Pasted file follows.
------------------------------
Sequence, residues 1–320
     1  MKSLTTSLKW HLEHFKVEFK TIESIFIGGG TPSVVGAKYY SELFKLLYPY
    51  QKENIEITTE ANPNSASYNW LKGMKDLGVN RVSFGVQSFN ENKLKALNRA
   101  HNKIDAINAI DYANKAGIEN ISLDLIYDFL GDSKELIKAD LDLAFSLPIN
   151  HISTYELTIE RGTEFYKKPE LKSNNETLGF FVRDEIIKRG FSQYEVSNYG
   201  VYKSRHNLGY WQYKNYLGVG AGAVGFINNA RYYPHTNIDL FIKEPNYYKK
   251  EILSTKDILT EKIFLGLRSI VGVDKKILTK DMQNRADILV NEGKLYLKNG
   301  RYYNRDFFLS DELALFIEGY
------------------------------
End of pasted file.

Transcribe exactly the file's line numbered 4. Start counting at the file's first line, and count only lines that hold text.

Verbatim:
   101  HNKIDAINAI DYANKAGIEN ISLDLIYDFL GDSKELIKAD LDLAFSLPIN